The annual Han Kuang military exercises that begin today are to feature the debut of Taiwan’s combined arms battalions.
The exercises, aimed at honing the nation’s ability to repel a Chinese invasion, are to last five days and consist of live-fire drills and computer-assisted tabletop training.
The Ministry of National Defense said that some of the nation’s 22 combined arms battalions would see action for the first time in the exercises.
Established in September last year, combined arms battalions bring together soldiers from infantry and cavalry units, liaison officers from different branches, snipers and uncrewed aerial vehicle and missile operators, to form a unit capable of operating independently on the battlefield.
Another highlight in this year’s exercises is to come on Wednesday, when a Chien Lung-class submarine is to test-fire a surface and underwater heavyweight torpedo to sink a target ship, the ministry said.
This would be the navy’s first torpedo test since 2007.
Reserve forces are to participate in live-fire drills for the first time amid increased Chinese military activity around Taiwan, and special forces from the military, police and coast guard would make their first appearance in simulating a rescue of government leaders held hostage by invading forces.
The ministry said the drills would proceed in three stages: maintaining combat capabilities upon an enemy’s first wave of attack, pursuing decisive victory in littoral seas and overwhelming an enemy in landing areas.
The military would not engage in landing drills involving inflatable craft following a fatal incident on July 3 that left two marines dead and one in critical condition, it said.
The drills would instead be performed using amphibious assault vehicles.
In related news, the annual public air drills are to be held tomorrow afternoon, but this year traffic controls would not be enforced during the 30-minute exercise, the ministry said.
Air raid warnings are to sound at 1:30pm tomorrow to signal the start of the drill and at 2pm to mark its conclusion, the ministry said, adding that pedestrians would be allowed to continue on their way during that time.
The ministry said it this year dropped the restrictions on outdoor movement during the exercise to comply with the Central Epidemic Command Center’s COVID-19 prevention guidelines.
Another break from the past is that the Wan An No. 43 drills would be held across Taiwan, Penghu, Kinmen and Matsu on the same day, instead of being held on different days in different parts of the country, it said.
This year’s drill would focus on the air raid warnings’ coverage in rural areas, it added.
SELF-RELIANCE: Taiwan would struggle to receive aid in the event of an invasion, so it must prepare to ‘hold its own’ for the first 70 days of a war, a defense expert said Taiwan should strengthen infrastructure, stock up on reserves and step up efforts to encourage Taiwanese to fight against an enemy, legislators and experts said on Tuesday last week. The comments sought to summarize what the nation should learn from the Russian invasion of Ukraine, which has exceeded 300 days, since Feb. 24 last year. Institute of National Defense and Security Research fellow Su Tzu-yun (蘇紫雲) said that the war in Ukraine highlighted the importance of being ready for war. Taiwan’s development of an “asymmetrical warfare” doctrine and extending mandatory conscription to one year is a good start to preparation of defense against a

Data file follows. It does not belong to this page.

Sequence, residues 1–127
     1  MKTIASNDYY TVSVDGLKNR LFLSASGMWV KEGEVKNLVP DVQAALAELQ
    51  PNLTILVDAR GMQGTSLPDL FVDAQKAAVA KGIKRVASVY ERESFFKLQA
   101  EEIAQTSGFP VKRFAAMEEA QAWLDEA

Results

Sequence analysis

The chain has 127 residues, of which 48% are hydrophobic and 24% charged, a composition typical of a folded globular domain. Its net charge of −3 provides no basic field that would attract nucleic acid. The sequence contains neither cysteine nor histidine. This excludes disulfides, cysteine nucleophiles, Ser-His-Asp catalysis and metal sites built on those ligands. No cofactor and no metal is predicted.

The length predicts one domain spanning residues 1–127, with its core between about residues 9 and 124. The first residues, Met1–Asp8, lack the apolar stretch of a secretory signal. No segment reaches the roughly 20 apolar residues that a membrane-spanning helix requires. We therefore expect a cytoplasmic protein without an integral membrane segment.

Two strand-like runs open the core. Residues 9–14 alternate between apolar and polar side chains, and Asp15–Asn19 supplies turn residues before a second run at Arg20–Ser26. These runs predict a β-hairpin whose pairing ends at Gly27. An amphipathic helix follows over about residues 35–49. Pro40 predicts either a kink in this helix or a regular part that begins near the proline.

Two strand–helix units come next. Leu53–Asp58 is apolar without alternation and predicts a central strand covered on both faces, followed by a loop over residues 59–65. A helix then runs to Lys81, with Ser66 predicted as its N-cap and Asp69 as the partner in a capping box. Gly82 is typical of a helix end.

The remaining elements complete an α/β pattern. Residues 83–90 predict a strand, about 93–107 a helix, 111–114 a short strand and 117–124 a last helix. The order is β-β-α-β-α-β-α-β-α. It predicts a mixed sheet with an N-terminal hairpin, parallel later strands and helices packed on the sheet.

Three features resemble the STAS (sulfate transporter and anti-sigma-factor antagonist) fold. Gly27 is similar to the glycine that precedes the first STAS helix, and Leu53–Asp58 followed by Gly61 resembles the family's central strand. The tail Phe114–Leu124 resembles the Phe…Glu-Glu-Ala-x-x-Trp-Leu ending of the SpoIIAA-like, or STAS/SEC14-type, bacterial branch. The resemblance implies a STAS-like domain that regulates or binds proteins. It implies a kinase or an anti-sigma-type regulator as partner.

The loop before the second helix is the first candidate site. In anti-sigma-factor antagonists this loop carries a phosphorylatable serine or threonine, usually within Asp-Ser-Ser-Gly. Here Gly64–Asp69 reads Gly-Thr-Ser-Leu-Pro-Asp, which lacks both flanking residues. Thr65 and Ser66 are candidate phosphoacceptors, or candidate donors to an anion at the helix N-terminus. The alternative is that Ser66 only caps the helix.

The Central Epidemic Command Center yesterday said it would delay the lifting of the indoor mask mandate, citing public health considerations and ongoing discussions on how the policy should be implemented. Earlier this week, Centers for Disease Control Deputy Director-General Chuang Jen-hsiang (莊人祥), who is the CECC’s spokesman, said officials from several ministries were working on the policy and an announcement would be made yesterday. However, Deputy Minister of Health and Welfare Victor Wang (王必勝), who heads the CECC, yesterday said that the policy was still under review. Wang said its implementation would be “delayed slightly” due to three main factors. First, the center
END OF SERIES: As the first generation of Pfizer-BioNTech COVID-19 vaccines are set to expire, the CECC would no longer offer them to children younger than four years old The Central Epidemic Command Center (CECC) yesterday reported the nation’s first case of a person infected with the Omicron XBB.1.5 subvariant of SARS-CoV-2. The Taiwanese man in his 20s arrived from Canada on Jan. 22, said Centers for Disease Control (CDC) Deputy Director-General Philip Lo (羅一鈞), who is deputy head of the CECC’s medical response division. He tested positive after reporting having a runny nose and muscle soreness while in airport quarantine, Lo said. The XBB.1.5 subvariant is the dominant strain in the US, but there is no evidence to suggest that it causes more severe illness than other Omicron subvariants, he said,
NORMALIZING TIES: The delegation led by the KMT’s Johnny Chiang is to meet with British lawmakers, think tanks and business groups to discuss developments A legislative delegation led by Chinese Nationalist Party (KMT) Legislator Johnny Chiang (江啟臣) arrived in the UK yesterday to rally support for Taiwan’s bid to join the Comprehensive and Progressive Agreement for Trans-Pacific Partnership (CPTPP). Chiang heads the Legislative Yuan’s Taiwan-UK Interparliamentary Amity Association. The delegation also includes KMT legislators Ma Wen-chun (馬文君), Wen Yu-hsia (溫玉霞), Wu Sz-huai (吳斯懷), Sandy Yu (游毓蘭) and Wu I-ding (吳怡玎). The group is to meet with British lawmakers Alicia Kearns, who chairs the British House of Commons Foreign Affairs Select Committee; Tobias Ellwood, who chairs the House Defence Select Committee; and Bob Stewart, who cochairs the